Some of the materials and processes with space applications include nanoparticles (ultrafine powders); carbon nanotubes or buckytubes
(strips of graphite rolled up into a cylinder, 40 to 60 times stronger than industrial steel); nanolithography (a process used to make electronic microchips); nanomanipulation (the ability to manipulate on the nanoscale which has been done in two dimensions for over a decade and scientists are now working toward third dimension); nanoelectronics (the most advanced capabilities that can be synthesized by self-assembly); nanomemories (the process of reading and writing data at molecular densities); nanobatteries; and the process of self-assembly (atomically precise pieces sticking together using chemistry or molecular biology).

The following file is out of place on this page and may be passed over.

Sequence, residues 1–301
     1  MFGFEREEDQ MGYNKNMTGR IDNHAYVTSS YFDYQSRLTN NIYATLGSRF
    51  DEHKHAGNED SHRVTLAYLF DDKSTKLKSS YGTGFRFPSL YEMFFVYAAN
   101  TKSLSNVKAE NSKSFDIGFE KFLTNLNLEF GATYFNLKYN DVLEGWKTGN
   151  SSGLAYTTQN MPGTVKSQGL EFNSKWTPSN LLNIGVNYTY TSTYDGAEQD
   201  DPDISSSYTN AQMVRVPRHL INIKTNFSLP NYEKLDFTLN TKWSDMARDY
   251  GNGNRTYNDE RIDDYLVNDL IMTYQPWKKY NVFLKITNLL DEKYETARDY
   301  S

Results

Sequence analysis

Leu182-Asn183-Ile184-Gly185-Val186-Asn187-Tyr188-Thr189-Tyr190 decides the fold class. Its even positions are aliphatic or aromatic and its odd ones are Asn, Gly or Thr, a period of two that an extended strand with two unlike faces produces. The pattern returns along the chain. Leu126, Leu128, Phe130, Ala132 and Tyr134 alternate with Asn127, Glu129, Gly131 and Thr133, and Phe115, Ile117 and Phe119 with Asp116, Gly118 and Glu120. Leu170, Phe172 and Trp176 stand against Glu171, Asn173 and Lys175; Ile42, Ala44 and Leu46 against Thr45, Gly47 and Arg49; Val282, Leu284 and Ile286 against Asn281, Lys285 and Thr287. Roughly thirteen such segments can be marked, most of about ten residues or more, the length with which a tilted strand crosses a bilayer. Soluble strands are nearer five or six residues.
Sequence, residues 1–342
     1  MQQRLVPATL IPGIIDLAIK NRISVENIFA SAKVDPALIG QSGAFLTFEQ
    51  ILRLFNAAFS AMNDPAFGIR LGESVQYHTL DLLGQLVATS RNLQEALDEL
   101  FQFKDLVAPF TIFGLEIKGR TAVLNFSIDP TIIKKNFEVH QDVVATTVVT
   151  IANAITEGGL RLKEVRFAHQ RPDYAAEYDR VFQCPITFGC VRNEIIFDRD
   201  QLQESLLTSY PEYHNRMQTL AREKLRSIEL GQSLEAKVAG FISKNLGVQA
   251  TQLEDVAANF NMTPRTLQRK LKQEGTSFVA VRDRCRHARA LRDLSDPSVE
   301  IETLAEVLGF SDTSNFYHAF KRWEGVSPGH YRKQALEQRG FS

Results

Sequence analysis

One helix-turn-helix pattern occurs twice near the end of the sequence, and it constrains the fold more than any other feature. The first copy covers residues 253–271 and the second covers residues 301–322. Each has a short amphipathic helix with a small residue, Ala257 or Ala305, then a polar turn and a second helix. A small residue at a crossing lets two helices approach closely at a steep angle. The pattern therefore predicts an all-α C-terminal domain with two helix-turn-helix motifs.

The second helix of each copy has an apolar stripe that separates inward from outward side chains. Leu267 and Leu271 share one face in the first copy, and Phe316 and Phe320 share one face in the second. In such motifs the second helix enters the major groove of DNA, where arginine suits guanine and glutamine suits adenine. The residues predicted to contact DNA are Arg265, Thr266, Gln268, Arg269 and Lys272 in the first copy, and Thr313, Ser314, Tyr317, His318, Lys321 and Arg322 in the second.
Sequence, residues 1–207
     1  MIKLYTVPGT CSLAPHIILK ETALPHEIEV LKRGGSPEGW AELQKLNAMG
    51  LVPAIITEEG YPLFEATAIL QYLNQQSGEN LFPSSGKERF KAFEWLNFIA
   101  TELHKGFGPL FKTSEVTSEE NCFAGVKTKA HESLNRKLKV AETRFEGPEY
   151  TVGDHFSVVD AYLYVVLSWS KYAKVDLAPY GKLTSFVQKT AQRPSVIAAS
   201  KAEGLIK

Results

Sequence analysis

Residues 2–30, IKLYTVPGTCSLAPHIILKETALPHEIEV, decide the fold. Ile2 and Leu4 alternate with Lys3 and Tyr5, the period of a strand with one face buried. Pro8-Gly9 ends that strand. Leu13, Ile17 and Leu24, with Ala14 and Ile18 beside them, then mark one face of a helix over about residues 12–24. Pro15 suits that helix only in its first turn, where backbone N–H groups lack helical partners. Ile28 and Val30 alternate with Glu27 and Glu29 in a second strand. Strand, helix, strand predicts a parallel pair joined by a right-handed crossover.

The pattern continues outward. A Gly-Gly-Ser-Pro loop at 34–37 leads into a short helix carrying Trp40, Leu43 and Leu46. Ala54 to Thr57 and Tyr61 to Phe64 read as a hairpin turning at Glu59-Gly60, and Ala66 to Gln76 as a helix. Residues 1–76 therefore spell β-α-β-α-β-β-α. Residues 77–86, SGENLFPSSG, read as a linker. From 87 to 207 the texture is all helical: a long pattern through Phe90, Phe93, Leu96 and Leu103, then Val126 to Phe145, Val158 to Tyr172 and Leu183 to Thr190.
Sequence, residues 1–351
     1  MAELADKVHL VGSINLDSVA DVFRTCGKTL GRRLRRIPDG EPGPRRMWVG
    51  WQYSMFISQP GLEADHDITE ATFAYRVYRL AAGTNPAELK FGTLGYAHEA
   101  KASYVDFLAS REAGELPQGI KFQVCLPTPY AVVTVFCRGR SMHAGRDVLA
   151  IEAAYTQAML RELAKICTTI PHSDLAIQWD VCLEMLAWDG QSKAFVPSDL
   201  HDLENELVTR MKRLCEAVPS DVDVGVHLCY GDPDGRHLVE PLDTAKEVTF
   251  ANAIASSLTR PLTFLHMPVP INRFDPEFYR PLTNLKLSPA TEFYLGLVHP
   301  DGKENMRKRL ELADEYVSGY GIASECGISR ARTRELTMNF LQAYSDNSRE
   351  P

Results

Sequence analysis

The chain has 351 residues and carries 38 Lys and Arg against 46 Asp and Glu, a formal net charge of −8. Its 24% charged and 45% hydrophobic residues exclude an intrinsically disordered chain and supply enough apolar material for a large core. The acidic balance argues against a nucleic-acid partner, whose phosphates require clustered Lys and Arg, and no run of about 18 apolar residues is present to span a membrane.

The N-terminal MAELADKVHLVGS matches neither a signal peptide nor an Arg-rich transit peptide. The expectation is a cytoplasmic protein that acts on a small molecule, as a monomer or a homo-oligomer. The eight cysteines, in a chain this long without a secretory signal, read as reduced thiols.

To start with, researchers have to deal with such problems as the lack of uniformity in buckytube
sizes and the potential difficulty of separating filled from empty tubes.
carbon nanotubes are easier to process, yet retain the extraordinary performance properties of Buckytubes
, in turn, could line up side by side to form bundles, or ropes.
It has become clear to us that aligning our production and development capabilities with promising and highly valuable product applications is the clearest path to making buckytubes
all they can be.
Ever since chemists discovered buckytubes
(SN: 11/16/91, p.
Single-wall carbon nanotubes, also known as Buckytubes
, are the ultimate engineering polymer, 100 times stronger than steel at less than one sixth the weight.
Single-wall carbon nanotubes (SWNTs), also known as Buckytubes
, are the ultimate engineering polymer, 100 times the strength of steel at less than one sixth the weight.